The International edition of the New York Times newspaper had two blank pages after printers in Pakistan removed an article.
An article by one of the paper’s freelance correspondents, Joshua Hammer, headlined “The imperilled bloggers of Bangladesh” was removed from the front page and page two.
The New York Times’ Pakistan correspondent, Salman Masood, tweeted a physical copy of the paper without the article and the online edition with the article, showing a stark difference.
The article focused on the brutal attacks and murders on a group of Bengali bloggers who are in support of gender equality, human rights and civil liberty and are battling online with Islamists.
At the heart of the piece is a man named Asif Mohiuddin an online activist, who had to flee Bangladesh after his free thinking, atheist views and secular blogging put him in sever danger.
He was brutally attacked outside the IT company building he worked at, with an eight-inch kitchen knife that missed his spinal cord by half a centimetre.
Mr Mohiuddin met his attacker while imprisoned in Dhaka’s Central Prison for his secular online activity, who said he wanted to do something for jihad. When he asked what the attacker would do once he left prison, he said: “I will try again.”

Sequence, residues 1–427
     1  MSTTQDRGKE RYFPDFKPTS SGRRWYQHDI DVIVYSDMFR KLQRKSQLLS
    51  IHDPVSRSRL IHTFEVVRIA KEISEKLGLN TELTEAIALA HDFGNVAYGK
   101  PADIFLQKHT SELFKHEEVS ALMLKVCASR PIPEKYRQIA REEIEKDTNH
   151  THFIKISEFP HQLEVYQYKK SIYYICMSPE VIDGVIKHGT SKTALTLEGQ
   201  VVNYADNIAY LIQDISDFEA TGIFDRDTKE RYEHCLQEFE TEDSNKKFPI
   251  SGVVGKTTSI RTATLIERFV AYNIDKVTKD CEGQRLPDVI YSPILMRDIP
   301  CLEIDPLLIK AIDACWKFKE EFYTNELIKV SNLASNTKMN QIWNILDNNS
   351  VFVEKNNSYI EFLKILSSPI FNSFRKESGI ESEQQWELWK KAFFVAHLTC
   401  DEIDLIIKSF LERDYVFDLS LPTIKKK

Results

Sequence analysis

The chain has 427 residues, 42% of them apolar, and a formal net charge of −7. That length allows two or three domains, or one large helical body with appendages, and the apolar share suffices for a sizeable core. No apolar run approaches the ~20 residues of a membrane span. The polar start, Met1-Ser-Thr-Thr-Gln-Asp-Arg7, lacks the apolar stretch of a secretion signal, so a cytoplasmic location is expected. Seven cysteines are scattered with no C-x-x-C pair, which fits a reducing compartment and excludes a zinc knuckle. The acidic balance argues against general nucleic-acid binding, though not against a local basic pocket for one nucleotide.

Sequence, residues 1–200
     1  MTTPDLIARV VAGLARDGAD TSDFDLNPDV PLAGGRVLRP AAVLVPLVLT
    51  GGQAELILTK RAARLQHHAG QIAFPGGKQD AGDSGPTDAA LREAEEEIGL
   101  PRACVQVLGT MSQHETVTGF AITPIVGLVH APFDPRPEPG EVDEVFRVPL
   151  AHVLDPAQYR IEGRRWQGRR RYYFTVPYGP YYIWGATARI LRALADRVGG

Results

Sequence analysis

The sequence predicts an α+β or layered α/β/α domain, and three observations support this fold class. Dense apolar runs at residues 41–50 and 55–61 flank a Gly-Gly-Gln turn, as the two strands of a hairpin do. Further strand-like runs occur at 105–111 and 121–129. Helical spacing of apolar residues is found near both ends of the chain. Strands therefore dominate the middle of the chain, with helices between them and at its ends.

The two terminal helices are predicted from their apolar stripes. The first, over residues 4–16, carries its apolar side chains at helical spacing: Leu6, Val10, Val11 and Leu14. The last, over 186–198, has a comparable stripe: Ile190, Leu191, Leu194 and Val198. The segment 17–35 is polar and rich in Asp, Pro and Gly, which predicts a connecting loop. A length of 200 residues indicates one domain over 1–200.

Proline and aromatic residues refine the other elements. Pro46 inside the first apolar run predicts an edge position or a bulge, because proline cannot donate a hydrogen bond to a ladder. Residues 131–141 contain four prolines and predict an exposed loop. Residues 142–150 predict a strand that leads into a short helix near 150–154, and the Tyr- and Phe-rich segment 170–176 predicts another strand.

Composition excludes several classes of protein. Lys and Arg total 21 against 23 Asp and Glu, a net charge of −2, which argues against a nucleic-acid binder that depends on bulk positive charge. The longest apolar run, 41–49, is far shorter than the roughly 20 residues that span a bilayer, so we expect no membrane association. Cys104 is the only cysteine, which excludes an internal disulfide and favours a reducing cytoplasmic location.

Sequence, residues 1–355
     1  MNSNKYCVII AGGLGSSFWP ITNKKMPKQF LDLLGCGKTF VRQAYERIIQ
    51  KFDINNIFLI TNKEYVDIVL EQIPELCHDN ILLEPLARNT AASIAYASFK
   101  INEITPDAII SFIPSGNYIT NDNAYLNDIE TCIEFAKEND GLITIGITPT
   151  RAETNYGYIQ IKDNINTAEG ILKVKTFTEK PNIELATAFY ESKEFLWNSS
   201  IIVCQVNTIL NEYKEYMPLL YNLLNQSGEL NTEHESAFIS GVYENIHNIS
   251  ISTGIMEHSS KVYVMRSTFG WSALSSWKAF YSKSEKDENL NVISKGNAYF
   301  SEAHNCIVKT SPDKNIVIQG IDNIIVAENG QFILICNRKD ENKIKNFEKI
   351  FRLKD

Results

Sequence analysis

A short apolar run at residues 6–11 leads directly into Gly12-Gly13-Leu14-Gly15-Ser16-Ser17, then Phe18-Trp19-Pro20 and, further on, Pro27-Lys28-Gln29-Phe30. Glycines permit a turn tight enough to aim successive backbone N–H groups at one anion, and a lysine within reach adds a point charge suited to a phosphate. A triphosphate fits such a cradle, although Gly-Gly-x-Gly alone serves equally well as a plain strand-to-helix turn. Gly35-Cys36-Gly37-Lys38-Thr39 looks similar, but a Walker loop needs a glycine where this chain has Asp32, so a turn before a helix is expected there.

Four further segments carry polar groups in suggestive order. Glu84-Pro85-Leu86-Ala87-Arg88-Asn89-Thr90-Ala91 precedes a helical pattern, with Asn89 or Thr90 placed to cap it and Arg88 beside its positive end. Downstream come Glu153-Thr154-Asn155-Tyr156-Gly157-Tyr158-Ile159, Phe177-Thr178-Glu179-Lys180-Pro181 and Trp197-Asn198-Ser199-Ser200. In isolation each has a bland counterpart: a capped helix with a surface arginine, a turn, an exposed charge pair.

Mr Mohiuddin is part of a movement, which started in chat forums in 2001 in Bangladesh and then moved to a website called Mukto-Mona, which translates as “Freethinker”, in Bengali.
The article also revealed that a dozen young madrasa students, who were involved in the attack on Mr Mohiuddin and other secular bloggers, openly admitted to their crimes and divulged information on an extremist group whose specific intent was to murder secular bloggers.
Niloy Neil, another who blogged about criticising Islam, was killed in August by a gang with machetes who broke into his apartment in the country’s capital city.
In October, a publisher of a secular blog, Avijit Roy was hacked to death in Dhaka, where local Islamist militants were blamed. Three other bloggers were also injured in the attack.
At least four other atheist bloggers have been killed in the countrylast year for writing critically about Islamist militancy.
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